The Budget, Third Level Education & the student occupations

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The changes to fees and the maintenance grants system for new postgraduate students in Budget 2012 comes as no big shock. The €250 increase in the student contribution charge means students will pay €2,250 from next September, with other increases likely to come in 2013 and 2014. In relation to the future of the postgraduates, no maintenance grants will be paid for new entrants from the 2012/13 academic year.

These changes come into effect, after months of campaigning by the grassroots student campaign group Free Education for Everyone (FEE) and the Union of Students Ireland (USI).

The €250 increase in the annual college registration fee will have a serious impact on families across the country, the USI has warned: the burden of the fee increase would fall largely not on students themselves, but on families across Ireland who are already suffering from other Budget measures. These measures include: an increase in Motor Tax from 1 January, and a Household charge of €100 – with a waiver for those on mortgage interest supplement, certain housing estates, and social housing, also from January 1.

USI president Gary Redmond said “The people paying for this increase are the same people who will be paying for other measures. It’s not all about the students, it’s about their families.” He continued: “The Labour Party and Fine Gael committed to no increase in student fees before the general election. This is simply not good enough. The Government need to hang their heads in shame, and come out and apologise to the people they lied to.”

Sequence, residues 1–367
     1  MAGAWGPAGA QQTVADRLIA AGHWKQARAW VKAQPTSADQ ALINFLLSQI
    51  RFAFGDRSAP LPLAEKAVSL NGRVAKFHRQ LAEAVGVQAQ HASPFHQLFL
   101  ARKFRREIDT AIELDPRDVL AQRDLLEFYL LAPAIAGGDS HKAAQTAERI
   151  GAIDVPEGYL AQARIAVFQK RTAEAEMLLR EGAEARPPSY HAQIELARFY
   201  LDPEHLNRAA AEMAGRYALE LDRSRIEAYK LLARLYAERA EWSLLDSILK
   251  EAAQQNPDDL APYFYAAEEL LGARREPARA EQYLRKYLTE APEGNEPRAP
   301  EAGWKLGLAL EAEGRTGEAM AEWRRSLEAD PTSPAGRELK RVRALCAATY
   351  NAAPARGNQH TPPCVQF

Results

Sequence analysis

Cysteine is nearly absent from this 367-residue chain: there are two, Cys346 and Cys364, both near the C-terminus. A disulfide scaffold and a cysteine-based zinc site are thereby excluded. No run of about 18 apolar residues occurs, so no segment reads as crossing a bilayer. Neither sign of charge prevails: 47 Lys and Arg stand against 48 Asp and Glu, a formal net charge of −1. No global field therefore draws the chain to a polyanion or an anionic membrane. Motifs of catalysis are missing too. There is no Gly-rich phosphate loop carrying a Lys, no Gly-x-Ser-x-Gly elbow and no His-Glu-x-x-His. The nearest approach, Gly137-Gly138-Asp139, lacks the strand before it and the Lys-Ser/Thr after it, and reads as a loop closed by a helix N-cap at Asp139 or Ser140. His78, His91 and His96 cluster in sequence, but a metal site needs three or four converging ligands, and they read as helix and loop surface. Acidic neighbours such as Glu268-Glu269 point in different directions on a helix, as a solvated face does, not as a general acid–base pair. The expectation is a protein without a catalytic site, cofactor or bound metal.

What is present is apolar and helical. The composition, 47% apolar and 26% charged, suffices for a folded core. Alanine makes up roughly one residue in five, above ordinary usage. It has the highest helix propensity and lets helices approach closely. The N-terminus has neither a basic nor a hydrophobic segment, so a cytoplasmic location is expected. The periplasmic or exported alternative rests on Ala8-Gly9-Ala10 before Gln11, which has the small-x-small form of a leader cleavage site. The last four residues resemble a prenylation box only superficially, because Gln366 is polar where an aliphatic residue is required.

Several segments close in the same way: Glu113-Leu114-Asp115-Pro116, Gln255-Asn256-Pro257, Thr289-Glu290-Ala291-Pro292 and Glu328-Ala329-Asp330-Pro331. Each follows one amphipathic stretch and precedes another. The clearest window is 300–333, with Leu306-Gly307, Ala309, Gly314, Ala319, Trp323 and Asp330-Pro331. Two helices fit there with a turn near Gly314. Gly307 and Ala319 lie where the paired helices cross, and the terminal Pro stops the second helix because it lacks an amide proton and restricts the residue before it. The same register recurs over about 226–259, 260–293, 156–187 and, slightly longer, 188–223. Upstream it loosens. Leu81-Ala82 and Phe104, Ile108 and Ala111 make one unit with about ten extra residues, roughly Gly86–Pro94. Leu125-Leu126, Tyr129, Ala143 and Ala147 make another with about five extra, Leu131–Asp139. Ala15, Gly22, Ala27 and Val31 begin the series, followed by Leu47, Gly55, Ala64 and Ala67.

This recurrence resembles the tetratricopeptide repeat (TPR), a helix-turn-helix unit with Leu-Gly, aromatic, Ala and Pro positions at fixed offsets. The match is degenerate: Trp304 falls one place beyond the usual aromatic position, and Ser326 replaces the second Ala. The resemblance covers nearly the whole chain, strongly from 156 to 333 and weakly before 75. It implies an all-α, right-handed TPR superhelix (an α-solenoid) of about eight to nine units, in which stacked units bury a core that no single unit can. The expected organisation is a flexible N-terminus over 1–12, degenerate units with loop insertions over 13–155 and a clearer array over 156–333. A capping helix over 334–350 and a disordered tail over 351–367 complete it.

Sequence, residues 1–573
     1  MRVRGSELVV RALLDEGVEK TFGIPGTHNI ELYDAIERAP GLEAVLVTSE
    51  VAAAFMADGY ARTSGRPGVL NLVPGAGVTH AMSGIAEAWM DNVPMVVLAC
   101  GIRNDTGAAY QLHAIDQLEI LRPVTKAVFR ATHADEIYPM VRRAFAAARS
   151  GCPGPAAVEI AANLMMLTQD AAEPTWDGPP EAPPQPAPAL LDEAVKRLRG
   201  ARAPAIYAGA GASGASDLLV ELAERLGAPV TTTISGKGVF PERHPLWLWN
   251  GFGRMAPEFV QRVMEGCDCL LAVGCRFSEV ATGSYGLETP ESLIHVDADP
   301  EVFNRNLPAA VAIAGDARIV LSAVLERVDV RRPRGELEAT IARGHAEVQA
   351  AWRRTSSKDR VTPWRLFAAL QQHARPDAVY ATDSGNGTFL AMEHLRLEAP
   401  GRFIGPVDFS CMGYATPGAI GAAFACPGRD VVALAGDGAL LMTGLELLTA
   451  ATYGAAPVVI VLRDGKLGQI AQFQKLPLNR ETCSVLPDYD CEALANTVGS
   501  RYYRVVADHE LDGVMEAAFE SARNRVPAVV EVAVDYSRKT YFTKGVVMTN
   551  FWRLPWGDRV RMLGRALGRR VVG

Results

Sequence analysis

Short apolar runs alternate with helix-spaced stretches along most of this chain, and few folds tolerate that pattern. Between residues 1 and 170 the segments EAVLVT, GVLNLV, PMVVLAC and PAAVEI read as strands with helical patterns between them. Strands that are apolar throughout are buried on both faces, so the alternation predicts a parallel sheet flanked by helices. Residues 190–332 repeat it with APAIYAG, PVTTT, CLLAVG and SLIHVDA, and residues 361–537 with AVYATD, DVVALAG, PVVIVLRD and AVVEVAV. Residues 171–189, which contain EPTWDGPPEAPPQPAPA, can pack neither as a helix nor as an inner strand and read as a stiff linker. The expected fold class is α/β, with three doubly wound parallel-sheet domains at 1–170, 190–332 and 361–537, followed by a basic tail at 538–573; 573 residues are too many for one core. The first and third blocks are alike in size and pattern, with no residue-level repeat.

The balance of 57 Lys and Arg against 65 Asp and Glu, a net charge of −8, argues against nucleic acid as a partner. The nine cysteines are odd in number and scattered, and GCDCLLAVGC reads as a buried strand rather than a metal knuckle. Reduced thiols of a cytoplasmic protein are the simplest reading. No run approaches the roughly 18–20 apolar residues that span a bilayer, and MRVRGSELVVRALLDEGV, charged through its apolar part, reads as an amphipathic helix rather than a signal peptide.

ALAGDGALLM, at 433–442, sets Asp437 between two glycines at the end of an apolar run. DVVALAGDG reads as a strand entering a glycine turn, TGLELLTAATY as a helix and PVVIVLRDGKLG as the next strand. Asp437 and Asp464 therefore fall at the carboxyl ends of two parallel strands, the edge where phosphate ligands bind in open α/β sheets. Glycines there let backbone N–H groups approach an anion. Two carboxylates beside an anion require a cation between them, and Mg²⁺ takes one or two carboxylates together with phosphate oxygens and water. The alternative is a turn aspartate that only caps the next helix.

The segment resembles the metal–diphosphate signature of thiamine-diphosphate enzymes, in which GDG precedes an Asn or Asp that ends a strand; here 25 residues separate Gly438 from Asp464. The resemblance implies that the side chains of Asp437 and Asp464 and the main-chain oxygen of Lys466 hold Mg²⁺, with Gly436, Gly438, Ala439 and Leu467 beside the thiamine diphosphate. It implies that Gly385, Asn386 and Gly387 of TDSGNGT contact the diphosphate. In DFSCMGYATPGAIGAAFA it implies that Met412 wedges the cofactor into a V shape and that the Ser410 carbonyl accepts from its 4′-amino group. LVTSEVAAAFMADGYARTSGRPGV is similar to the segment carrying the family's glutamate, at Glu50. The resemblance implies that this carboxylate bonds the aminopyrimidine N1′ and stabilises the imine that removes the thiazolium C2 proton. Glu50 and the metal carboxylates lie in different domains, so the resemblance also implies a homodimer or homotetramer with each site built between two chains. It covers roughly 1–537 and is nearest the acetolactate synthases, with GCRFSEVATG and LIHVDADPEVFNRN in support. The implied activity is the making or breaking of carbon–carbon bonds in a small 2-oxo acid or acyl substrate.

The FEE campaign was founded in University College Dublin in 2008, but has branches throughout Irish universities and colleges, including Trinity College Dublin, the Liberties College, NUI Maynooth, NUI Galway, IT Tralee and Queens University Belfast. It has in the past carried out a number of high profile occupations against government T.Ds and department buildings.

FEE is a broad campaign group which believes and works towards completely free access to education at all levels for all people. They argue and campaign for the abolition of all registration fees/student contributions as well as opposing all recent cuts to the education system including special needs assistants, postgraduate grants and the destructive under-funding of the education system in general. FEE believes in funding of the education system by a central progressive taxation system, whereby a form of wealth tax is imposed on those earning over a certain amount so as to create an equal society. They believe education is a right not a privilege. They argue that access to this right should never be limited by economic, social or cultural factors.

The campaigns began on November 29th, when representatives of the USI along with Students Union Presidents occupied two government department buildings. The group, including USI President Gary Redmond occupied the Department of Enterprise and Jobs and then the Department of Social Protection. The students had brought enough food with them to last for several weeks – as well as a portable toilet – to the government ministry on Kildare Street in Dublin. The first occupation ended quite quickly with the threatened use of pepper-spray by the Gardaí on the occupiers, however the 2nd occupation last for approximately 4 hours, with the 4 occupants arressted and brought to Store Street Garda Staion. FEE released a statement of support for these actions, which can be found here.